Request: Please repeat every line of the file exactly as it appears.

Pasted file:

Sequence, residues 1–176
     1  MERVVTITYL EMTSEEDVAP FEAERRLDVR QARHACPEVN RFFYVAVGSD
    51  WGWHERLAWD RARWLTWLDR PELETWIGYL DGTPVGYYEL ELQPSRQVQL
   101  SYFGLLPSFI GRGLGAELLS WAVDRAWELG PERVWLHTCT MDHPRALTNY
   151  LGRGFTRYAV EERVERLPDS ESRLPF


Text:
Sequence, residues 1–176
     1  MERVVTITYL EMTSEEDVAP FEAERRLDVR QARHACPEVN RFFYVAVGSD
    51  WGWHERLAWD RARWLTWLDR PELETWIGYL DGTPVGYYEL ELQPSRQVQL
   101  SYFGLLPSFI GRGLGAELLS WAVDRAWELG PERVWLHTCT MDHPRALTNY
   151  LGRGFTRYAV EERVERLPDS ESRLPF